Diplograph
By Paul Knight

Mind Link

My real life isn’t nearly as sad as I make it sound.

Because I am a huge nerd, I listen to a bunch of “actual play” roleplaying podcasts. They’re recordings of people playing tabletop roleplaying games (think Dungeons and Dragons, but there are a lot of systems out there). It’s almost like I get to share in the fun of having friends.

Anyway, one of the podcasts I listened to for a bit was Party of Four. I don’t really recommend it as the comedians fall back on sexual or gross humor a little too easily, but I did listen to a few episodes.

I’m not sure if Party of Four is using a super stripped down d10 system or something more custom-designed for the podcast, but for the most part there’s very little in the way of mechanics. The occasional skill check is simply the DM and player rolling opposing d10s, with the winner coming out on top. But the one fun mechanic Party of Four uses is the DM will place characters in a super dangerous, unwinnable situation once per session. The only way out is for the player to open the envelope they were given at the start of the session and see what it says…

The envelopes contain challenges ranging from calling 311 and getting the Toronto city services hotline to help the players (in one episode Kayla’s sentient butter stick character is directed to the Dairy Farmers of Ontario) to causing a miracle with an improvised song. One of the challenges is called Mind Link, and I’ll let DM David Dineen-Porter explain:

The Puzzle

In Mind Link, one player is given a sheet of questions and the other player is given a sheet of corresponding answers. Both of them listen to music in their earphones so that they cannot hear one another speak. When one player asks a question, the other player must answer the question without knowing what it is. If the question and answer match they have successfully completed a Mind Link. Four Mind Links are necessary to survive.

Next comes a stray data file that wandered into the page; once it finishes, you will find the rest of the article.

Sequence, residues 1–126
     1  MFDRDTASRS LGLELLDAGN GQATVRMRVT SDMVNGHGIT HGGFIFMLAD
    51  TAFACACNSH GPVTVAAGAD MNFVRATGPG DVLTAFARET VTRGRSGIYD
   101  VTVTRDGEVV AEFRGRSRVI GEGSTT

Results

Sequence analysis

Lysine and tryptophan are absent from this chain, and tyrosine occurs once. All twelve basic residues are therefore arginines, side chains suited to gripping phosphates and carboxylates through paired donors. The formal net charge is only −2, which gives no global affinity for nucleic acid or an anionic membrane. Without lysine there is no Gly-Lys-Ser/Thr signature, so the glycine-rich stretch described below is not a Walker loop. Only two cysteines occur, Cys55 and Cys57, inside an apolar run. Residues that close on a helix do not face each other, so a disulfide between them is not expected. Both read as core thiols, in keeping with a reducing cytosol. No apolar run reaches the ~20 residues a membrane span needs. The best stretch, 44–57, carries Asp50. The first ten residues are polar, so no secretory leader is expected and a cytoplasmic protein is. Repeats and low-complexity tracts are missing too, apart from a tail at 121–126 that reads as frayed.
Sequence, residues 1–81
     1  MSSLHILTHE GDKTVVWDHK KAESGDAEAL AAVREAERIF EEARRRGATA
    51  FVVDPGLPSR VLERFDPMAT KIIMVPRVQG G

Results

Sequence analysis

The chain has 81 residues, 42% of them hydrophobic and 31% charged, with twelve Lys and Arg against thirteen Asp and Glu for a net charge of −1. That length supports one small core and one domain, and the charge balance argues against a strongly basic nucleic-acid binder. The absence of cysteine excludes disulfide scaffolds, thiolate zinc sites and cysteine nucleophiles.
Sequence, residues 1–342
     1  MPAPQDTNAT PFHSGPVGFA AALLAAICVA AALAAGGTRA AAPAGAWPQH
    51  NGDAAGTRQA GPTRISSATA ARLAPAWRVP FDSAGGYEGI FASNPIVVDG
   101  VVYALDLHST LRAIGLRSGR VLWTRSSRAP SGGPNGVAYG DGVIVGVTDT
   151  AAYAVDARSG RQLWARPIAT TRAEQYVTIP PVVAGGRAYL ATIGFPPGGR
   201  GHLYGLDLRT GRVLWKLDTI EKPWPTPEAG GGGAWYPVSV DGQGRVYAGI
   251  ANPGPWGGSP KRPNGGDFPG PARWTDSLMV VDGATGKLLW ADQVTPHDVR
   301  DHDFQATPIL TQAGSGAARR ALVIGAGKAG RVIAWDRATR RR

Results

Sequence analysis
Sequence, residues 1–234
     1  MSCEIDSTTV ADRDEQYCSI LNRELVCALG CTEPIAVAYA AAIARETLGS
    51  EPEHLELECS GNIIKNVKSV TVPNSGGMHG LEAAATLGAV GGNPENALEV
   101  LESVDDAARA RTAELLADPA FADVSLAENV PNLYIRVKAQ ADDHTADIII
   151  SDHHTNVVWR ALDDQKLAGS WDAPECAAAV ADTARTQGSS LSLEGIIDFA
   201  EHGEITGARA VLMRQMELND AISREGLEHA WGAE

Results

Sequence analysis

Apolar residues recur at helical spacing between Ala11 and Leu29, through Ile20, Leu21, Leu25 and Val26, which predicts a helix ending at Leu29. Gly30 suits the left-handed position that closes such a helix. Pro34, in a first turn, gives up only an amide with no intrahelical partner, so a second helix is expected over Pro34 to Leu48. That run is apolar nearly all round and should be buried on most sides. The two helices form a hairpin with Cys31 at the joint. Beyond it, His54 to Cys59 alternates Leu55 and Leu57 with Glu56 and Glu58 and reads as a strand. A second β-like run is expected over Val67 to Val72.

And an example of the game:

Kyle
What does Jack Nicholson say to Tom Cruise in A Few Good Men?
Kayla
Molly, you in danger girl. [Bzzt]
Kyle
What did Whoopi Goldberg say to Demi Moore in Ghost?
Kayla
You want the truth? You can't handle the truth! [Bzzt]
Kyle
How did Mr. Rodgers’ song start?
Kayla
It’s a beautiful day in the neighborhood. [Ding!]

And so on.

Originally, the two players had to get at least four question and answer pairs to line up. but requirement was lowered to two pairs a couple of episodes later. Four pairs seemed awfully unlikely, and I was kind of curious just what kind of chances the players had of surviving.

Thankfully, Mind Link conforms to a classic probability problem known as de Montmort’s Problem or the matching problem. The narrative I found the most was a bunch of mathematicians each go to a party with one hat. They all get drunk and leave, grabbing a random hat on their way out. What is the probability they end up with the hat they brought?

It’s like how it never occurs to the dining philosophers that they should just ask for more chopsticks.

But no one asks the important questions, like what arrangements did they make to get home that night? Surely none of them are driving if they’re too drunk to recognize their own hat! And why does no math lesson seem to present the scenario that I’m sure occurs to every student, where 𝑛 swinging couples attend a party and—

Anyway, I’m not going to reproduce the math here. There isn’t really anything I can add to the resources already available. Kyle Siergrist’s Random is succinct and thorough, but TC Jiang’s post made it all click for me.

The probability density function for the matching problem is:

\huge
\begin{align*}
  P(N_{n} = k) &= \displaystyle\frac{1}{k!} \sum_{j=0}^{n-k} \frac{(-1)^j}{j!}\\
  \text{where}&~n~\text{is the number of pairs}\\
  &~k~\text{is the number of matches}
\end{align*}

The only thing I can add here is a handy dandy interactive JavaScript calculator for the matching problem! Move the slider to change 𝑛.

The kind of neat thing is the numbers start to converge awfully quickly. The probability of 𝑘 = 1 is not very different if 𝑛 is 9 or 15 (and it converges to 1/𝑒).

So if our two players are given 10 questions, the chances they would get four question and answer pairs correct is just 0.37%! Even after the difficulty was reduced to two correct pairs, there’s still only a 8.03% chance they’ll succeed with their mind link. I think I’ll take my chances with that dead black mouth in the face of the great green devil instead.